With this number, the eighth in the series, our publication begins its third year. We would like to express our gratitude to the Korean Culture and arts Foundation, especially its Chairman Moon Kodk-su and its Secretary General Kim Kwang-in, for their constant support without which the series would not have seen the light of day. we must also thank the Korea Foundation for having undertaken to mail copies to such a large variety of institutions and libraries across the world. We are also very grateful to our readers, who have been most generous in welcoming the appearance of this new series. 
In selecting the writers and works to publish, we always try to keep a balance between various schools and in this issue again we publish translations of works from the two main sides, usually seen in terms of 'social' or 'realistic' as opposed to 'pure' or 'aesthetic' although it may very well be true that, in the final account, all these qualities are present in any worthwhile work of literature. Equally important, we try to include works from the Japanese period, from the War and immediate post-war period, and from recent years. 
Among early writers of modern Korean fiction, Hyon Chin-gon stands out as one of the fathers of Realism. In his "A society that Drives you to Drink" (1921) we find a powerful evocation of the hardships endured by Korean women in th Japanese occupation, when education was largely denied them. The story is about the difficult transition from the old Korea to a modern form of society. His work is strongly realistic, yet not without its own intense lyricism.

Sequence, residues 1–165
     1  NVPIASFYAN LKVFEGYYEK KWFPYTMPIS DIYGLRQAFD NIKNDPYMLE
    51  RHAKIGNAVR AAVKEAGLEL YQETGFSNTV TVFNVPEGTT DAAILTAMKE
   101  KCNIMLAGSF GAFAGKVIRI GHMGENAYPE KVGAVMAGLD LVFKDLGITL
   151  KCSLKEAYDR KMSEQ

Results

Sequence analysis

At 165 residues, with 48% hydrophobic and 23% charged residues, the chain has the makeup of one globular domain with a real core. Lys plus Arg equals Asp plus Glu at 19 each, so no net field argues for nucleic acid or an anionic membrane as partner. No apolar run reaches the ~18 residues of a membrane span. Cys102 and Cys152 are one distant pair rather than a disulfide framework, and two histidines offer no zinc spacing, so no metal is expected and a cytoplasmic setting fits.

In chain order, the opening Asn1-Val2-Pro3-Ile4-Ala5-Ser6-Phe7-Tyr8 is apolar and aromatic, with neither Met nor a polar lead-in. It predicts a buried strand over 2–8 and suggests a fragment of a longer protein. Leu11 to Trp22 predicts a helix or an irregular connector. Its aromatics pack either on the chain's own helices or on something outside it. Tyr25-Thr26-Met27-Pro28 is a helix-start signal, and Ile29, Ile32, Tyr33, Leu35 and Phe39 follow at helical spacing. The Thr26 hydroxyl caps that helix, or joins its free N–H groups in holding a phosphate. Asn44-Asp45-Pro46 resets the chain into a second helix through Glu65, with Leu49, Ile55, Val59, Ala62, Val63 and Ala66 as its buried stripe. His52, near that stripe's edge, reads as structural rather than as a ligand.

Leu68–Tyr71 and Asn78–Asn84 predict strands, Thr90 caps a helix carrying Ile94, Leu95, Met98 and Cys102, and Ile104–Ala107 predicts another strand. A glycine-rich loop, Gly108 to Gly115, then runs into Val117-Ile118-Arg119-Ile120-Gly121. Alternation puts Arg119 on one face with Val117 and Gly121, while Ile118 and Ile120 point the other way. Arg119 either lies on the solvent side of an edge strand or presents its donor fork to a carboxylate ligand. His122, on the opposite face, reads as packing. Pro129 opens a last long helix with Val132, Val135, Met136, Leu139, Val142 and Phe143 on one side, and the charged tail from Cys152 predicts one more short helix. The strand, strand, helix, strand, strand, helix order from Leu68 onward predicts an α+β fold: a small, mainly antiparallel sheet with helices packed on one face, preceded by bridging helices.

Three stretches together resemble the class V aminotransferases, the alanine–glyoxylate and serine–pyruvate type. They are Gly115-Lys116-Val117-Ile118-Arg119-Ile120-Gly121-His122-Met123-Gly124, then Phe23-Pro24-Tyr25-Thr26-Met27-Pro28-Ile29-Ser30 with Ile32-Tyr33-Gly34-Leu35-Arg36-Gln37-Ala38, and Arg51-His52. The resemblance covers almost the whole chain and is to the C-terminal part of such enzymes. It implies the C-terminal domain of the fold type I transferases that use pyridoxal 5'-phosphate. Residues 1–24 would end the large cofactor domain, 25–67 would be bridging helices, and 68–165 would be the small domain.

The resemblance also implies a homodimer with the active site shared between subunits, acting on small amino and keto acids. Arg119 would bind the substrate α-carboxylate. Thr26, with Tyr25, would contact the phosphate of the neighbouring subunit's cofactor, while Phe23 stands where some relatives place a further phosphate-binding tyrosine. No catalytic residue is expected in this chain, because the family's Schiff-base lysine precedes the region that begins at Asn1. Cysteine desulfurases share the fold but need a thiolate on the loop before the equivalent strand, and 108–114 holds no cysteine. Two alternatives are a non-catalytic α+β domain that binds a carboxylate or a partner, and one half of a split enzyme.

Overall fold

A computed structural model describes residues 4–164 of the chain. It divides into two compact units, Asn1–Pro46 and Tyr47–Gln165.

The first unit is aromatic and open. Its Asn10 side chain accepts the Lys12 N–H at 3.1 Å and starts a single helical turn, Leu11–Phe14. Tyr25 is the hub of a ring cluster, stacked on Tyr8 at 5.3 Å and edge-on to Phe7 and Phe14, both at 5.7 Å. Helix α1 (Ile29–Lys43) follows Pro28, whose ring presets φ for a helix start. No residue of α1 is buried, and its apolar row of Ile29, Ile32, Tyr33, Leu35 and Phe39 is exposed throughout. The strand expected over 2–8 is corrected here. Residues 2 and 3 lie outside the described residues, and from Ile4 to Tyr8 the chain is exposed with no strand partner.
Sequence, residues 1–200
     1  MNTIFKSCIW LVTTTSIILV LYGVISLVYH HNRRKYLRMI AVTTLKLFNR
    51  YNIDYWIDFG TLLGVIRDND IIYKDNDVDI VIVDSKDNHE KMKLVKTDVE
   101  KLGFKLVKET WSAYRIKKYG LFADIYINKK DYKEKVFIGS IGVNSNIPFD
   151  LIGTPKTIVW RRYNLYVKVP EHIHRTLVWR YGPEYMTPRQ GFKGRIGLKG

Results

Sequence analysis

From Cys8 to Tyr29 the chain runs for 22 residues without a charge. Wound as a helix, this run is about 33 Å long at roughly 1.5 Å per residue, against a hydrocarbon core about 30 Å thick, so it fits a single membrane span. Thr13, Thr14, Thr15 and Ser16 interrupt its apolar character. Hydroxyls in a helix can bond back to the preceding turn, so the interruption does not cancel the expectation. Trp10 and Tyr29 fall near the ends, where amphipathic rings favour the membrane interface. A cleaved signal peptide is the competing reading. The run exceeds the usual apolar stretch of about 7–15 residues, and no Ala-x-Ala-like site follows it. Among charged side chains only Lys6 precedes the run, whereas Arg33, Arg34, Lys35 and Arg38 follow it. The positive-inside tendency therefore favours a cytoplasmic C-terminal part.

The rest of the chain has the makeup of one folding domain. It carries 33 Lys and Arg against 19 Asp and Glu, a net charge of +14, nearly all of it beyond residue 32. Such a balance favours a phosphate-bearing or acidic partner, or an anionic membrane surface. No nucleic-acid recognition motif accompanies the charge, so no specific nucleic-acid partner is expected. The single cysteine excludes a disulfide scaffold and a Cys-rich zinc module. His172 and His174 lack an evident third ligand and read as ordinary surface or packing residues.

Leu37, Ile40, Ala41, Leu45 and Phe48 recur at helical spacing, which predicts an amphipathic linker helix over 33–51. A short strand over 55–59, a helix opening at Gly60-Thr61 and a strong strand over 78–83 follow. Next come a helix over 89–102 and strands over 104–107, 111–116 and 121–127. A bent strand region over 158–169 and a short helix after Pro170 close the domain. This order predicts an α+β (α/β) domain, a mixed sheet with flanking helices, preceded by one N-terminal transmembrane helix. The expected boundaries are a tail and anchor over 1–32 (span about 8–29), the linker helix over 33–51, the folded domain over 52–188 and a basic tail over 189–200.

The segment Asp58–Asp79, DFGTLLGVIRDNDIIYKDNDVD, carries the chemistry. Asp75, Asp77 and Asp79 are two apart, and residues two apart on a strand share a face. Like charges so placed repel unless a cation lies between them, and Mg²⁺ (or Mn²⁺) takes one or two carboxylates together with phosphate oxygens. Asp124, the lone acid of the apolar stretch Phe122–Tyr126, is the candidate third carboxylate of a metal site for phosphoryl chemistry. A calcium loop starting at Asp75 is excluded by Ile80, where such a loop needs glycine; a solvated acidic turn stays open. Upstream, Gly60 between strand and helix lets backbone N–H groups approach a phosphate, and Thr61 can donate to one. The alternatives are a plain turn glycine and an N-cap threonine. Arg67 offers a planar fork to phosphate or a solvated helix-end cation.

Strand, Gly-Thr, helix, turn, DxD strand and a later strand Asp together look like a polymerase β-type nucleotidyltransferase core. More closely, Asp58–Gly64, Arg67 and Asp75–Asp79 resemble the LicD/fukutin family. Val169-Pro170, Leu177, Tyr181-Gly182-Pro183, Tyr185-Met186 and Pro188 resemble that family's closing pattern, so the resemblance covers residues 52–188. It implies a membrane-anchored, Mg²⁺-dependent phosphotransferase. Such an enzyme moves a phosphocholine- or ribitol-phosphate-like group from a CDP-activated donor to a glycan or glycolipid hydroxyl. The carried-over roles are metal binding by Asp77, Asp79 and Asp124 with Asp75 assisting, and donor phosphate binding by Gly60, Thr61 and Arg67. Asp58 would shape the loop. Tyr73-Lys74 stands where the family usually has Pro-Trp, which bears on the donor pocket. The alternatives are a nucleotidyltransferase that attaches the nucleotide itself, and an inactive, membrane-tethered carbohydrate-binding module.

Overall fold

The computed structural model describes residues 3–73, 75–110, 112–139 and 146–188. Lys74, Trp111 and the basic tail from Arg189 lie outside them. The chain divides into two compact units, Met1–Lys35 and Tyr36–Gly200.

The story "Superfluous Men", which was awarded the Tongin Prize, is set in the intense poverty of post-war Korea. The author lived for many years in exile in Japan and composed brilliant sketches of Korean life in those years. Here too we find the necessary combination of art with a portrayal of reality. 
Im Chol-woo's work "With Her Oil Lamp, that Night" is set in the same period and is remarkable for its portrayal of affection in the midst of pain. His tale has an almost archetypal theme of death and rebirth, as it strives to find reasons for hope comfronted with the ideological divisions of Korea. 
Poetry is, by its very nature, lyrical but still Korean Poetic circles have known fierce and sometimes bitter debate about the proper articulation of the social and the aesthetic. In this issue we have translations of poems by Pak Mok-wol, the founder of Korean Imagism in whose poems nature is often evoked with lyric simplicity. The more modern poetry of Yi Su-ik is written within that same Imagist tradition, although with perhaps a greater complexity in its exploration of differing levels of experience. By constrast, the poems of Kim Kwang-kyu are strongly marked by humour and have a lightly satirical touch that is rare in Korean poetry. 
In this issue we at last include a masterpiece of modern Korean drama, Lee Gun-sam's "A New Common Sense" which has been produced many times since its creatio in the 1960s. In it the first comic dramatist of modern Korea holds up to mockery the materialism of the 1960s, with a series of characters all intent on achieving their goals in society by fair means or foul. 

Tae-dong Lee  
Brother Anthony